IGNORED ISSUES IN 2019 ELECTION CAMPAIGN
* Foreign policy
Apart from a brief debate over whether China is a "customer" or something more complex, there's been little mention of Australia's place in the Indo-Pacific region and the world more generally. Whoever wins the election will need to get up to speed quickly with a G20 summit due in June and the China-US trade war escalating.
* Refugees/border security
"Stopping the boats" got a couple of mentions, but Home Affairs Minister Peter Dutton spent most of his time defending his Brisbane seat of Dickson (Labor described him as being in "witness protection"). Labor's immigration spokesman Shayne Neumann was largely silent as well.
Apart from Labor flagging a review of Newstart, with a view to increasing its rate, the complex issue of poverty has barely been discussed. Welfare groups have tried to put it on the agenda, but much of the talk from the coalition has been along the lines of "the best form of welfare is a job".
Apart from Bill Shorten's announcement that Pat Dodson, dubbed the "father of reconciliation", would be his indigenous affairs minister there has been little talked about in terms of closing the education, health and employment gap with Aboriginal and Torres Strait Islanders. There was mention of policies to address indigenous youth suicide.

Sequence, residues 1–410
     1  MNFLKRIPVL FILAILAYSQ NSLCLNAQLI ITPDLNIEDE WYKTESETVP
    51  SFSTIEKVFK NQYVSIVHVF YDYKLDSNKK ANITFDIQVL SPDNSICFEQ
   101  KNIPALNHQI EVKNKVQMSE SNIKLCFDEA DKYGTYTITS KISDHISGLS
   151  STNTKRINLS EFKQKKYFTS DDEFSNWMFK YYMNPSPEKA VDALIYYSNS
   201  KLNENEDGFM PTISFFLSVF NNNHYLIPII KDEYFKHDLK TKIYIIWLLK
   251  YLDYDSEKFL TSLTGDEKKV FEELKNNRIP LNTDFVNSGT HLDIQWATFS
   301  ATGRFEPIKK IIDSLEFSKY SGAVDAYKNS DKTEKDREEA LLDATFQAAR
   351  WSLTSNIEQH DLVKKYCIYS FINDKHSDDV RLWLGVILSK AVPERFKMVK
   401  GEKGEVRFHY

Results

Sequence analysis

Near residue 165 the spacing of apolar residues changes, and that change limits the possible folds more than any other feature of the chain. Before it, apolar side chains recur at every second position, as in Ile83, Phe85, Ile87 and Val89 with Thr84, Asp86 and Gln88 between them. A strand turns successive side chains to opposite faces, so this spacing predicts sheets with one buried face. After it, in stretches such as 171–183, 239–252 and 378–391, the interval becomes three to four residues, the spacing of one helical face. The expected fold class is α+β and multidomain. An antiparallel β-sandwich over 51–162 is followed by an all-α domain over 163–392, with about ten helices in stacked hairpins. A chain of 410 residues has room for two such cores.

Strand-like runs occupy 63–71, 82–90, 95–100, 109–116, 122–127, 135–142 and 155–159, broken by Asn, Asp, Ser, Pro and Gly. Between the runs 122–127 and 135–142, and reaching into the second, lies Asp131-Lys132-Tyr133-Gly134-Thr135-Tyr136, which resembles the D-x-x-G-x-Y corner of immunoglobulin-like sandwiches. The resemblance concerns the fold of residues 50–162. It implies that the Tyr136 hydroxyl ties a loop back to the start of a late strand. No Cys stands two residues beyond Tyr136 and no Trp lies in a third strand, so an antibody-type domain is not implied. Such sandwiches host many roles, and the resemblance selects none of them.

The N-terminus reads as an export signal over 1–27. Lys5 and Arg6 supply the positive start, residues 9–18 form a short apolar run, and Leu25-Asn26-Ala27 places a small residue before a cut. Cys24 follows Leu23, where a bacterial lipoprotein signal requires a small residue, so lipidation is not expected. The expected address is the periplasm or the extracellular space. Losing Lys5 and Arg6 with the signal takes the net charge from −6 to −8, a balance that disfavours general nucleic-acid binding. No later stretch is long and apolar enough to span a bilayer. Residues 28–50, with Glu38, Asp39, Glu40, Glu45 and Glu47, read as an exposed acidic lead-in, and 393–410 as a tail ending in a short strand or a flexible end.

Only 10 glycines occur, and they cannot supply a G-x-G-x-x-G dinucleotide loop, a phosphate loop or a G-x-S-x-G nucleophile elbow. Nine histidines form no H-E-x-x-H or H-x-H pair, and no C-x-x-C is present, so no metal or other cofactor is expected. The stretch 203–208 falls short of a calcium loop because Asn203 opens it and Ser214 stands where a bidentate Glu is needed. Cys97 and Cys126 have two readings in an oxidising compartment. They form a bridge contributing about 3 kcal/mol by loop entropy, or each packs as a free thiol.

* Power prices
Despite being a major issue leading up to the election, bringing down power prices barely rated a mention from either major party. Energy Minister Angus Taylor made two announcements, on a default market offer price and a wholesale price target. Labor wove it into the spiel on climate policy, embracing Malcolm Turnbull's national energy guarantee. Voters are still in the dark as to exactly what will happen with their next bills.
Australian Associated Press